TopWine China 2016 Newsletter
Issue: 40       
12 / 2015
 
TWC 2016 - The Leading Wine Meeting Place in North China
 
Over 11.770 wine professionals attended the
No. 1 international wine exhibition in 2015


 
High interest in
TopWine China 2016

 

The exhibition area has been expanded with one entire hall in the CNCC in Beijing. This Hall 4 will be specially dedicated to the Beer and Spirits section of the business which is showing more and more interest in being part of the TopWine China event. "The interest in exhibiting has been good so far," says Tony Kenter, managing director of BV Industrial Promotions International from the Netherlands and co-organiser of the event.

"After sending out our
new brochure and the announcement that the TWC 2016 website is active, quite a few international wineries who have not exhibited at TWC before, contacted us and showed great interest for booking stand space. We are now following up on these and will try to make room for them all," Kenter explains.

TWC has a strong rate of resale at the exhibition. Therefore, most of the 'old' and 'new' wine countries and wineries the visitors expect to meet will be there again. "We always want a good mix of regular and new exhibitors. This is essential to create the meeting place we aim for, and benefits both our exhibitors and visitors," Kenter says.  
Why exhibit at
TopWine China 2016?

Over a period of three days TopWine China provides a highly flexible environment in which a wide range of sales and marketing objectives can be achieved, from generating sales leads and launching new wines, to building and strengthening brand image, maintaining strategic customer relations and appointing new agents.
Significant increase
of wine import
 
The total volume of imported bottled wine during the first 9 months of 2013, 2014 and 2015. Source of figures: Chinese customs.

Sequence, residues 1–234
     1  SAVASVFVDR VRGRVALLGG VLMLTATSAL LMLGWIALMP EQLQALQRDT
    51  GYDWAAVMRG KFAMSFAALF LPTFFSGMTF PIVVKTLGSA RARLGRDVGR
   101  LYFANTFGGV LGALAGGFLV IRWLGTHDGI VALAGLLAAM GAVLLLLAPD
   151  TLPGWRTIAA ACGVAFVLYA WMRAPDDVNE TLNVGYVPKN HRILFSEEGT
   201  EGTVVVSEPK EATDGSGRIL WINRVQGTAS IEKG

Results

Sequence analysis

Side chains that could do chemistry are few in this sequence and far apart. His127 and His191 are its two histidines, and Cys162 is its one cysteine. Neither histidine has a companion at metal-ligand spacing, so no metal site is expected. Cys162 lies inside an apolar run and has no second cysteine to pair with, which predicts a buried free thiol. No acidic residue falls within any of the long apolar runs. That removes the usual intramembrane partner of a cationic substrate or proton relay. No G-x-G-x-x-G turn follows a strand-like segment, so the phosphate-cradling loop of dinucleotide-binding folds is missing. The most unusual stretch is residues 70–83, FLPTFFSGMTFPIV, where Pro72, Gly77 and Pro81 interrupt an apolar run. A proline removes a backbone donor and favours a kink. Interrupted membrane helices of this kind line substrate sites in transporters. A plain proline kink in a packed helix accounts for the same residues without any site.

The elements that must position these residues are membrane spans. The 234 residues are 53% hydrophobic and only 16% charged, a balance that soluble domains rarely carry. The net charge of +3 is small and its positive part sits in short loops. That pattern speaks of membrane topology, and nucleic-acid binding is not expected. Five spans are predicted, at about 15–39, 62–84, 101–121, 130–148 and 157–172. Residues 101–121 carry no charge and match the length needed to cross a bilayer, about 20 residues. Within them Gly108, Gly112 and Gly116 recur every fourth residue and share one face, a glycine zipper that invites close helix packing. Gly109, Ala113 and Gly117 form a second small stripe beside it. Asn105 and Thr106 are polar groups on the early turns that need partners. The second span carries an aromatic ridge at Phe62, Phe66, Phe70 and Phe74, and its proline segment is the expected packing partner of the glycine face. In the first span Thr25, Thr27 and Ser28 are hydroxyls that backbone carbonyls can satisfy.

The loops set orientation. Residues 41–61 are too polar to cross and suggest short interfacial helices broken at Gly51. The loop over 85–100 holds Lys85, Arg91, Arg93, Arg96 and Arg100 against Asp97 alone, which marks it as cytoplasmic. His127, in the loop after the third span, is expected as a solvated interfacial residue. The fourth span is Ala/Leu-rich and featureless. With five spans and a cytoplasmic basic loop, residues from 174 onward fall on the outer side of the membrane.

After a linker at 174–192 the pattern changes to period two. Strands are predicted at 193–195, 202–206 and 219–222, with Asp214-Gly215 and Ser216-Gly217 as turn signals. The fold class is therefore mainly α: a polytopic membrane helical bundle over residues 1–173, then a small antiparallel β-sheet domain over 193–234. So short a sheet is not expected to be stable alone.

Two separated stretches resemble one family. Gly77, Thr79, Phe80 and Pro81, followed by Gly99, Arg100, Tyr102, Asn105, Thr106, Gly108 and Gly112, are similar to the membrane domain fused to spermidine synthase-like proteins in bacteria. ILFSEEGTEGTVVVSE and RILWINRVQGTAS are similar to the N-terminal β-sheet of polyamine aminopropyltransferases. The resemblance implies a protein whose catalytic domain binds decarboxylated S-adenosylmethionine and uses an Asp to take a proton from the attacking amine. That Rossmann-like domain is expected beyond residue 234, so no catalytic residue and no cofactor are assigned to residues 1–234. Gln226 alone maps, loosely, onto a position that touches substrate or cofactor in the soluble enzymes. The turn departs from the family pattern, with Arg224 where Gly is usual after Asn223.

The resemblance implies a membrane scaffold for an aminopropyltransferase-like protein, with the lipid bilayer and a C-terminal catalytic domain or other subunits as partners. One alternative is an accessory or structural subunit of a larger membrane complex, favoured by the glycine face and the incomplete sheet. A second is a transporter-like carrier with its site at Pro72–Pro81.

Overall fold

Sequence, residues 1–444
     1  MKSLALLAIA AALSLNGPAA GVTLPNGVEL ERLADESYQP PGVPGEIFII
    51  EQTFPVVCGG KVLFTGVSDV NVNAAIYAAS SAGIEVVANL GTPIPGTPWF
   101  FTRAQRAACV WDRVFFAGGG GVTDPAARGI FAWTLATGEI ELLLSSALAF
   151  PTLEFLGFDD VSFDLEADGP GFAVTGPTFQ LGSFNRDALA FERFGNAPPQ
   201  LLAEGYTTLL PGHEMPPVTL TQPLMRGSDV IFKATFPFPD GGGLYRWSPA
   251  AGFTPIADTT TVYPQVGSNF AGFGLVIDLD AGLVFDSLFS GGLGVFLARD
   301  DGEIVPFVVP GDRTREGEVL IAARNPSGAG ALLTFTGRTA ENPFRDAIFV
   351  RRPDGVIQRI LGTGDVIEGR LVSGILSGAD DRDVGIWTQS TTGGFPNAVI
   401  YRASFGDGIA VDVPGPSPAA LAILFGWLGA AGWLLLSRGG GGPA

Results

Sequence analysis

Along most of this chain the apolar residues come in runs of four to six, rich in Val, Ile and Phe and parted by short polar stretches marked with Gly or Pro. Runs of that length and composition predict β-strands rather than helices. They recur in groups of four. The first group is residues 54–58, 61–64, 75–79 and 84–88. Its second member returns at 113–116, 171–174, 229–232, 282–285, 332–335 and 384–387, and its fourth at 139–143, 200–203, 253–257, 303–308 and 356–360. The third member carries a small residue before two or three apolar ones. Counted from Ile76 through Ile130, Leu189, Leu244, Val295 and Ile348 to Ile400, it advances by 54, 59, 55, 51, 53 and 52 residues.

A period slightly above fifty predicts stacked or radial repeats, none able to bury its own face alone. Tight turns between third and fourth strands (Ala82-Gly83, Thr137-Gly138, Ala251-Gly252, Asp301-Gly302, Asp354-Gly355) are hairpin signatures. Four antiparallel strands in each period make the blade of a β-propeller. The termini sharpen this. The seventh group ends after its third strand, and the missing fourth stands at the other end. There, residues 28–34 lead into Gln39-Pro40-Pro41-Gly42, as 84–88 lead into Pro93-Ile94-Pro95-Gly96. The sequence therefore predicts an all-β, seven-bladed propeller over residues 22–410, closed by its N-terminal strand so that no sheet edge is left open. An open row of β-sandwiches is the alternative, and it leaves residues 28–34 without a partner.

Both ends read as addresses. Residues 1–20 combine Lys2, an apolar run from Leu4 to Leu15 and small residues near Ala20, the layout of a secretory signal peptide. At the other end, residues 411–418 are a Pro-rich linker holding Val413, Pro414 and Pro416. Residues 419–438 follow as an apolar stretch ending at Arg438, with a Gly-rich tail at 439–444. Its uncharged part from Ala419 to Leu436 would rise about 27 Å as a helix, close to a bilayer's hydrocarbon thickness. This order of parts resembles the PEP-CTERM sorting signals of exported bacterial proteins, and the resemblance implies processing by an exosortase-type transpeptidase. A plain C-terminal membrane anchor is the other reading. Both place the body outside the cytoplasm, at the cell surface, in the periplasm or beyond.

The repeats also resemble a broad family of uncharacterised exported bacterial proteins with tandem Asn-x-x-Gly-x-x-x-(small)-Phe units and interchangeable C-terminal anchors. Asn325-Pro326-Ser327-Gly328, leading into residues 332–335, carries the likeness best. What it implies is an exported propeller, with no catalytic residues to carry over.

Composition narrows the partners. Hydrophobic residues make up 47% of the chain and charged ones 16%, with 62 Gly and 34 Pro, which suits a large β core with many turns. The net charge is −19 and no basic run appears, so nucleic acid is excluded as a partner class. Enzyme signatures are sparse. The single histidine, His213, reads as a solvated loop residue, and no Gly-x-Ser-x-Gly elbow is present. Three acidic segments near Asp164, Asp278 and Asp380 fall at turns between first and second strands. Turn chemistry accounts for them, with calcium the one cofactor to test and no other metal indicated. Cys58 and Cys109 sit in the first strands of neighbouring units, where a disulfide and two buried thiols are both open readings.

The figures offer more evidence that China's wine market has started to recover from overstocking and a government anti-austerity drive, with sales increasingly fuelled by a larger and younger consumer base looking for more affordable options.

Higher imports of French wines in the third quarter means the country is up by 36.1% in volume (126.8m litres) and 34% in value ($623m) during the first nine months of 2015.

Imports of Australian wine increased by 83.6% in value and 58.7% in volume, showing a greater ability to achieve higher average prices.

Australian wine has an average import price of $7.71 per litre in China, ahead of its nine closest competitors in the market (see above). Australia accounted for 14% of China's total wine import volume but 23% of the total value in the nine months.

But, France still dominates overall, accounting for 43% of China's wine imports in volume and 45% in value (see below).

Bottled Spanish wines overtook Chile to come third in imported volume, up by 53.8% year-on-year, though Spain suffered a 27.8% drop in average price. Spanish bottled wines were the cheapest ($2.07 per litre) among China's major sources of imported wines.

TopWine China 2016:

JUNE 15 - 17 

China National Convention Center (CNCC), Beijing